The article ended with McRae describing Fleming alone in the dressing room following a fight, blood pouring down his face. His hands tremble. Here’s how McRae told it: “Sometimes,’ [Fleming] says softly and haltingly, “sometimes I wish I could control myself just once. It’s ... it’s the kids. I go home and they see the cuts and bruises and —” He doesn’t finish the sentence. He lifts his hands to his face. For a long time he’s quiet and then, from behind the red swollen hands, a long, shuddering sigh. In the morning, the children will see him. He knows what they will ask. And he knows, as always, he won’t have an answer.”

Earl McRae's book
The story knocked me out. You didn’t read this stuff on the sports pages, where the world is divided into heroes and goats. Here was an athlete in all his complications — a thug, ashamed before his children, but also a man earning a paycheque as best he knew how. For a Canadian teenager, this was Shakespearean drama (and in an English I could understand on first reading).

The article, which became known as “Requiem for Reggie,” altered forever how I’d watch hockey, as a teenaged fan and, later, as a sportswriter. I loved the game for its speed, its majesty, and, yes, its violence — the spectacular and breathtaking way in which a bodycheck can change the complexion of a game. One Christmas, I got as a gift one of Don Cherry’s Rock ’Em, Sock ’Em Hockey videotapes. Liked the big hits. Cherry has produced at least 22 of those compilations. Now we know how grotesque my enjoyment has been.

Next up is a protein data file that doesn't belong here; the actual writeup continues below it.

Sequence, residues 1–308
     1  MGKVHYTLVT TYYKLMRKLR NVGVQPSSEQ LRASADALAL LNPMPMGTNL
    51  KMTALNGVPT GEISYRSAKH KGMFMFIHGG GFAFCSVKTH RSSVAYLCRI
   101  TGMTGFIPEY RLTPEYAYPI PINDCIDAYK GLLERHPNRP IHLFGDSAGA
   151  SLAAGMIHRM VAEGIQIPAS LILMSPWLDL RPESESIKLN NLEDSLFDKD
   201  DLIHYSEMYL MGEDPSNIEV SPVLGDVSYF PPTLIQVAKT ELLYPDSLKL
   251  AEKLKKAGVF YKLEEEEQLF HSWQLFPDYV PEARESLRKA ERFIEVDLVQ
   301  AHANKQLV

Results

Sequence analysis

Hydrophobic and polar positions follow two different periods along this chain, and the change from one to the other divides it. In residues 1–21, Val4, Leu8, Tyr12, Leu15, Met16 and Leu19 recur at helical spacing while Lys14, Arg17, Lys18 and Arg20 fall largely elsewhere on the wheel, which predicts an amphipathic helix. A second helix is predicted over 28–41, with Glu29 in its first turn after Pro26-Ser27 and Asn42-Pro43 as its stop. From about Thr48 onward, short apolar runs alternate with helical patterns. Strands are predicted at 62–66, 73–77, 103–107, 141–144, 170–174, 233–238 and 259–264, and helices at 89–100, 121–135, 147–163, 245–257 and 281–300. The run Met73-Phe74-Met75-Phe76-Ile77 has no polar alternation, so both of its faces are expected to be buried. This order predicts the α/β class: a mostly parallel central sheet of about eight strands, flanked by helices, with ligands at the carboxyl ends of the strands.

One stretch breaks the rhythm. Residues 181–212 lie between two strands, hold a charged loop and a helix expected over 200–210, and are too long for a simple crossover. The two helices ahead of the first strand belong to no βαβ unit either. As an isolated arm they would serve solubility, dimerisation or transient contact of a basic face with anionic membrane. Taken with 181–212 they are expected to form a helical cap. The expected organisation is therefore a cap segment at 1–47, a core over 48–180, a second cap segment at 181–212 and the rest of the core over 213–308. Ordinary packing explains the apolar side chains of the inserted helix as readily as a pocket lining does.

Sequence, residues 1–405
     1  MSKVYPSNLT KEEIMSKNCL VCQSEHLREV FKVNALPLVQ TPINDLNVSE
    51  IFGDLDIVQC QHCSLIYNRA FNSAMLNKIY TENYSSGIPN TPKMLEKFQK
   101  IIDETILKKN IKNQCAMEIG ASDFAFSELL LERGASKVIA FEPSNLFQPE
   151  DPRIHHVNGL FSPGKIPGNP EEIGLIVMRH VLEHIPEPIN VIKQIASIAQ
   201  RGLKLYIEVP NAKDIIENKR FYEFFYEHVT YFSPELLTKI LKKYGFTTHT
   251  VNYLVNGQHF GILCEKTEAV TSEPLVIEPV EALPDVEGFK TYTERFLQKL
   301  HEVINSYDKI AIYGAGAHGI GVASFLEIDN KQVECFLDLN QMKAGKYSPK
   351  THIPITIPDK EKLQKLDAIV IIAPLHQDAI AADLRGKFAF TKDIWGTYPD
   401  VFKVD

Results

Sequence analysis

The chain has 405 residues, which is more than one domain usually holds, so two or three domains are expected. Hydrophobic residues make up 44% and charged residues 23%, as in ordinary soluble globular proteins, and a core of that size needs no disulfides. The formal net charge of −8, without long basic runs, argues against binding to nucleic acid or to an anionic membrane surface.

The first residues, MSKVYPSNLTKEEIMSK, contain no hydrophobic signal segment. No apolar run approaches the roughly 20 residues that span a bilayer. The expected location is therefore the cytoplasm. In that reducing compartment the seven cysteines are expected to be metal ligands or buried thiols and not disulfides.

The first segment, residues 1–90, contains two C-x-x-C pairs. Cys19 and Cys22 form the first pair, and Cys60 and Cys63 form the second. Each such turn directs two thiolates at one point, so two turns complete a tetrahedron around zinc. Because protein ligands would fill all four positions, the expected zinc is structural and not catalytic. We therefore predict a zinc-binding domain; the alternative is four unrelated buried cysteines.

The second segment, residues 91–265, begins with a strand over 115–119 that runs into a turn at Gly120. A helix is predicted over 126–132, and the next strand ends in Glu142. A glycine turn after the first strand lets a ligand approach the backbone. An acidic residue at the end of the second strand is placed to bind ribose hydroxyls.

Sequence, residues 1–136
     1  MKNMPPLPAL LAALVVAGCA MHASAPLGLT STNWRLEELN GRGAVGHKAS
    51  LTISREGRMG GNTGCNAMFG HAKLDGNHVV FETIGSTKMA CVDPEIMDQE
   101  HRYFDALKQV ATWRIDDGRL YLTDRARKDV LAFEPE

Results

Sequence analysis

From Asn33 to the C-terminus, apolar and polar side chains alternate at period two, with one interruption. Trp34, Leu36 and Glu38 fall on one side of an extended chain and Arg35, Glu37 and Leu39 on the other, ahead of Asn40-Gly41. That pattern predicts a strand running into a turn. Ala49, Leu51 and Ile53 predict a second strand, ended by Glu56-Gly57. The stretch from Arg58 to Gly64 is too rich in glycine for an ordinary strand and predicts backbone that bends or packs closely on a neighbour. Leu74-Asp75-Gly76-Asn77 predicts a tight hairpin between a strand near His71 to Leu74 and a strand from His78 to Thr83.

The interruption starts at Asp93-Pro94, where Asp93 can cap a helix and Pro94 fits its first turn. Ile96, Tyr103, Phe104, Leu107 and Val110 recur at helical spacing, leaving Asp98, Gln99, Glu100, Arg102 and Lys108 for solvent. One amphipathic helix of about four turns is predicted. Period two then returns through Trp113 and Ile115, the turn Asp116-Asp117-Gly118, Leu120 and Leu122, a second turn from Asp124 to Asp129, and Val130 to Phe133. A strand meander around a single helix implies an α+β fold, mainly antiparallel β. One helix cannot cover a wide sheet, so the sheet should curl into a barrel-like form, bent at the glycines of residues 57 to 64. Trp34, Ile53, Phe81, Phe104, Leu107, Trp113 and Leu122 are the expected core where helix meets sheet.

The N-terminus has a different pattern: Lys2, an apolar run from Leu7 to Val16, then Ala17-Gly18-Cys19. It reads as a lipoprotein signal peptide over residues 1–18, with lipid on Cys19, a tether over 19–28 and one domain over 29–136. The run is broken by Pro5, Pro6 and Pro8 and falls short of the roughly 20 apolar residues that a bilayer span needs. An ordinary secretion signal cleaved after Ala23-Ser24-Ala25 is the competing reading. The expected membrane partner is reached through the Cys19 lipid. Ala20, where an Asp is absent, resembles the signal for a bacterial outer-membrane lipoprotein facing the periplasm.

Not so long ago, athletes who “had their bell rung” were told to “shake it off” and get back in the game. Now we know a concussion can have long-term consequences, perhaps even devastating ones.

Not so long ago, it was said no one got seriously hurt in hockey fights. Now we know that Reggie Fleming suffered brain damage. After he died, aged 73, two years ago, he was found to have had chronic traumatic enchephalopathy, a disease that alters behaviour and eventually leads to dementia. He paid a terrible price for those blows to the head, not the least of which was an early death.

Junior hockey returned to Victoria earlier this year, when the puck dropped for the inaugural game of the Royals. The atmosphere was electric; O Canada was sung with an operatic flourish by Mark Donnelly; and, the hockey was thrilling, as the young players exhibited tremendous skill.

In the first period, two players tussled at the blue line, dropping their gloves to throw punches. The crowd roared its approval, many leaping to their feet and punching the air.

I stayed in my seat, as did some others. Cheer a teenager as he punches another in the face? Can’t do it. Those young men were barely older than I had been when a magazine article revealed to me the ugly side of pro hockey.

Junior hockey permits fighting because the NHL permits fighting. Hockey would become even more savage without it, goes the argument. Besides, the braying crowds demand it.

Yet, they hold an Olympic hockey tournament without fighting. World championships, too. All the major sports — football, basketball, baseball, soccer — punish fighting with automatic banishment from the game. As does college hockey. As did the NHL before 1922.